Temple of Jupiter (Damascus)

By the Editors of the Madain Project

The Temple of Jupiter in Damascus (Latin: Iovis templum Damasci, Italian Il tempio di Giove a Damasco) was an ancient Roman temple to the god Jupiter, in what is now Damascus, Syria. Its ruins stand at the heart of the old city of Damascus.

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The construction on the temple began during the rule of Augustus (circa 80 BCE) and concluded during the reign of emperor Constantius II (circa 340 CE). By the fourth century CE, the temple was already renowned for its impressive scale and architectural splendor. It was situated outside the city and was protected by two concentric walls. The outer wall, peribolos, encompassed a broad area that incorporated a marketplace, while the inner wall enclosed the sanctuary dedicated to Jupiter. This temple stood as the largest of its kind in Roman Syria.

Brief History

circa 65 CE

The Temple of Hadad-Ramman, which previously occupied the site, retained its central importance in the city for a long time.

Following the Roman conquest of Damascus in 64 BCE, the Romans assimilated Hadad with their own deity of thunder, Jupiter. This led to a comprehensive renovation and expansion of the temple, overseen by the Damascus-born architect Apollodorus, who devised and implemented the new architectural plan. The local populace was particularly impressed by the symmetry and dimensions of the newly reconstructed Greco-Roman Temple of Jupiter. Despite significant enlargement, the temple largely preserved its original Semitic design, with the walled courtyard remaining largely intact to this day.

At the heart of the courtyard stood the cella, housing an image of the deity venerated by followers. Four towers were positioned at each corner of the courtyard, where rituals were conducted in accordance with ancient Semitic religious customs, including sacrificial rites performed at elevated sites.

The expansive size of the Roman period temple complex indicates that the religious hierarchy, supported by Roman patronage, held significant sway over the city's affairs. Initially dedicated to the assimilated Imperial cult of Jupiter, the Roman temple was a deliberate response to the Jewish temple in Jerusalem. Rather than honoring a single deity, the Roman temple followed the interpretatio graeca, incorporating all regional celestial gods like Hadad, Ba'al-Shamin, and Dushara into a composite "supreme-heavenly-astral Zeus".

Subsequently during the Roman period in Damascus, the Temple of Jupiter underwent further expansions, largely funded by contributions from affluent citizens and overseen by high priests. The inner precinct, or temenos, is thought to have been completed shortly after the end of Augustus' reign in 14 CE. This area was enclosed by an outer court, or peribolos, which included a market and was constructed in phases as financial resources allowed, reaching completion by the mid-first century CE. The eastern gateway, or propylaeum, was initially constructed during this period and later expanded under the reign of emperor Septimius Severus (193–211 CE).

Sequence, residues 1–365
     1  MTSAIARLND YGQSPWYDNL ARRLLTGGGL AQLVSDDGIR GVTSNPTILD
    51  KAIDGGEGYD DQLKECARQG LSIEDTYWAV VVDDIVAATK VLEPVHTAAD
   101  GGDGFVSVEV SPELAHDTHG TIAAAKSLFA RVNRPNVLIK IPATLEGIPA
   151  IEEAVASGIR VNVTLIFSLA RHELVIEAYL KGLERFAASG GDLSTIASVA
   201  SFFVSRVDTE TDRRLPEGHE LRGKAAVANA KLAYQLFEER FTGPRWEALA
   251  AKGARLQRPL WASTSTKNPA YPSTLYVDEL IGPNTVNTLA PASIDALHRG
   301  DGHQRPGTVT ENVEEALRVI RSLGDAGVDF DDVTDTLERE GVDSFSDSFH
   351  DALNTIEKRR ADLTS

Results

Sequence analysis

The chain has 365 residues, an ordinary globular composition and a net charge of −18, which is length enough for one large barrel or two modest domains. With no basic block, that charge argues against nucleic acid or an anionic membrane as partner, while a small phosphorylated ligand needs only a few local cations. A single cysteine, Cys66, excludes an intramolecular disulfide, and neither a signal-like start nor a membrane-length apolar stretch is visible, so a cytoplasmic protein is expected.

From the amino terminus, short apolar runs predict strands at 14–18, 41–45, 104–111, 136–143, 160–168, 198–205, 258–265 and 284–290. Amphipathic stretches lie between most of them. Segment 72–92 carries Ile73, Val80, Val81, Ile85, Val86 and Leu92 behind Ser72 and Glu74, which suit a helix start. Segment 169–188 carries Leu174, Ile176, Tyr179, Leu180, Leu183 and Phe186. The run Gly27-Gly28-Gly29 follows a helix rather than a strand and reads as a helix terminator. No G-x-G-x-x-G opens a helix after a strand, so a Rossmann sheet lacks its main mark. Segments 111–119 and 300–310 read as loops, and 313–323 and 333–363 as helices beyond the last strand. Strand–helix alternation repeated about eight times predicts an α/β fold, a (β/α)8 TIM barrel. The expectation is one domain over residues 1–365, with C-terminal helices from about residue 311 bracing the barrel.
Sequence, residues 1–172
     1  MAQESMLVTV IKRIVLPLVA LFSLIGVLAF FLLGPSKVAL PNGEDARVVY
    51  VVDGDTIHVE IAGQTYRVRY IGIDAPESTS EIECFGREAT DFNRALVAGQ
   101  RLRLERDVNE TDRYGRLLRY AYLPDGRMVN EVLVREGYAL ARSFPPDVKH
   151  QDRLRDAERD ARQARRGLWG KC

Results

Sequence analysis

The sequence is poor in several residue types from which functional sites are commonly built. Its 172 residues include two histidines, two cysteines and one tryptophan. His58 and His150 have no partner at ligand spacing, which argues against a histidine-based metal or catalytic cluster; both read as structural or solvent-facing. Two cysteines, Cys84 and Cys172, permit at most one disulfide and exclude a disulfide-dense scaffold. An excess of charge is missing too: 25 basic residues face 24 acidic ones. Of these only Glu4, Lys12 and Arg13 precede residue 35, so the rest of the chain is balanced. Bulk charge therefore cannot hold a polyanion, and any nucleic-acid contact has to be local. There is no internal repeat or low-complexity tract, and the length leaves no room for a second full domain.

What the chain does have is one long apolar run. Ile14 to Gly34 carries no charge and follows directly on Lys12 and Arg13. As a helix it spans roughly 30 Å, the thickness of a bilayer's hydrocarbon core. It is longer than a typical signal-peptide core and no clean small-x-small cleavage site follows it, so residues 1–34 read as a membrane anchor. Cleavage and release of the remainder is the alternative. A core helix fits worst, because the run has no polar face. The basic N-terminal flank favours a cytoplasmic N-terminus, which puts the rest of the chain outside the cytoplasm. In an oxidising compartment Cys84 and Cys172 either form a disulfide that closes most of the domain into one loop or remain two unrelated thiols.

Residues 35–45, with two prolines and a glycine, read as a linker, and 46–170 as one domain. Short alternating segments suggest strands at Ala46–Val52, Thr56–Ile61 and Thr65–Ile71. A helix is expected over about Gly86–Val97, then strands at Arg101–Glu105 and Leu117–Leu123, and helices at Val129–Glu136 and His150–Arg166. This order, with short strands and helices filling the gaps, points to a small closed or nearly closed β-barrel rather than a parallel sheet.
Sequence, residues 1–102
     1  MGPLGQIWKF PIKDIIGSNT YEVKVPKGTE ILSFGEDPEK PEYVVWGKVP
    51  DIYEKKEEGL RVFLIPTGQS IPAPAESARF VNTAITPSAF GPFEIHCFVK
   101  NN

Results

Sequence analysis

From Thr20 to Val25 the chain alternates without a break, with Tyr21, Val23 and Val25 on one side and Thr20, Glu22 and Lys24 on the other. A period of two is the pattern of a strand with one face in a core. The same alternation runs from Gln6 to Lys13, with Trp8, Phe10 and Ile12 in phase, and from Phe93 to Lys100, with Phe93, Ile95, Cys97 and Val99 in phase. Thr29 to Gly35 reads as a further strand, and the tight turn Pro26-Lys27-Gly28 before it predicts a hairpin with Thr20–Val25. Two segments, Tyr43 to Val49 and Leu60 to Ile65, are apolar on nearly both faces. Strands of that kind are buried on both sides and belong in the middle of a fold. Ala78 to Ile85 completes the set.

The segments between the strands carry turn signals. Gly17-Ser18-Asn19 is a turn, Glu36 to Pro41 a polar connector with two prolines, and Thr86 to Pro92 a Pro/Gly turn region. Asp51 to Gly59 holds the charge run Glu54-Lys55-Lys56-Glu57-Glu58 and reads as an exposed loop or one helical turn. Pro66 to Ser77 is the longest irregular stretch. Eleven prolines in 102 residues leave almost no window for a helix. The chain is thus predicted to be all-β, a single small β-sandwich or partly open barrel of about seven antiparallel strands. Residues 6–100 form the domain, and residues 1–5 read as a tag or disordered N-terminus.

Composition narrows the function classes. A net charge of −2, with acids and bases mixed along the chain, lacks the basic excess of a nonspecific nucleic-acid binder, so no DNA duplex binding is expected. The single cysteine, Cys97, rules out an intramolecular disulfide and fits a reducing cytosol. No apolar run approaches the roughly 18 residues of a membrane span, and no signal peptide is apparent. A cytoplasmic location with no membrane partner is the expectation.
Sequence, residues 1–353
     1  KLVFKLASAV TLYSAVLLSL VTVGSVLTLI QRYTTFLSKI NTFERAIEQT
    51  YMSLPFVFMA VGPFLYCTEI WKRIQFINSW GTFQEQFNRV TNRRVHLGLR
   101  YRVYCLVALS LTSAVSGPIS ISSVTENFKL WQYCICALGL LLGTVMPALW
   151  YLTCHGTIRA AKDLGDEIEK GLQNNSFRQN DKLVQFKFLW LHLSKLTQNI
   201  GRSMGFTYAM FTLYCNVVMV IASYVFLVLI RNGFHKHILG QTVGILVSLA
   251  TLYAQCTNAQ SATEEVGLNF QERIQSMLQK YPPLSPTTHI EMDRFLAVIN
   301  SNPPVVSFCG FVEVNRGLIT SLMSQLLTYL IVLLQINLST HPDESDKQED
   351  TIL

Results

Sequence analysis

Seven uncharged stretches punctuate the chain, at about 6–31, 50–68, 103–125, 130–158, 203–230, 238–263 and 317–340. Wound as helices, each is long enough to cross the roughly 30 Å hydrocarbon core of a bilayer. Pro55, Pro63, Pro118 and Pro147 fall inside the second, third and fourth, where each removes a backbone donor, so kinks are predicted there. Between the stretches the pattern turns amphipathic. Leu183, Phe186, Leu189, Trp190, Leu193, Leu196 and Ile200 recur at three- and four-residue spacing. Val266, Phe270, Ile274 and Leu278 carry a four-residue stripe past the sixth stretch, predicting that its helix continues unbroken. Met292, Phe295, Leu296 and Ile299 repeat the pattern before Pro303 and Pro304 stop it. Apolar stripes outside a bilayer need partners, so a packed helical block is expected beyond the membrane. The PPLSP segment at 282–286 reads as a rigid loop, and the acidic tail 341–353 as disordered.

Following the conversion of the Roman empire to Christianity and subsequent persecution of pagans in the late Roman Empire, Theodosius I converted the temple of Jupiter to a church dedicated to John the Baptist. After the Muslim Arabs took over Damascus in 635 CE, the church was shared for some seventy years, but Caliph al-Walid I converted it into a dedicated mosque today known as the Umayyad Mosque.


circa 65 CE

The only surviving part of the large temple complex is the temenos or the inner walled courtyard which occupied an area of appoximately 380x310 meters. Today, the Umayyad Mosque occupies the same temenos enclosure. The temenos was most likely constructed during the reign of emperor Augustus in the first century BCE; the peribolos, however, was completed later, in the middle of the first century CE. One of the last major improvements and renovations was made during the reign of Emperor Septimius Severus in the second century CE. The wall of the temenos was built from ashlar blocks, and still survive to a large extent on some sides. Every corner of the structure had a square tower, no longer extant. The construction of the towers might have been motivated by the dedication to Jupiter, with the high superstructures no longer needed for the religious purposes. There was an entrance on each side of the temple. The main entrance was placed at the east wall of the temenos which led to a cella.

circa 65 CE

Western Gate to the Temenos
The Bab al-Balid of the Umayyad mosque stands where once the western entrance to the temenos of the temple stood. The western wall of the mosque is largely from the Roman reconstruction of the inner courtyard.

circa 65 CE

The peribolos, serving as the outer precinct of the sanctuary, was accessible from both the east and west through the propylaeum, remnants of which can still be observed in the Miskya area, notably the imposing arch of the Gate of Jupiter and the adjacent tall columns. However, the primary entrance to the temple faced east, where crowds would proceed from the agora along the Via Sacra (modern Qaymariya Street) towards what is now known as Babn Jayrun. In addition to its religious function, the peribolos also served as a gathering place for pilgrims and merchants, functioning as a marketplace and fairground.

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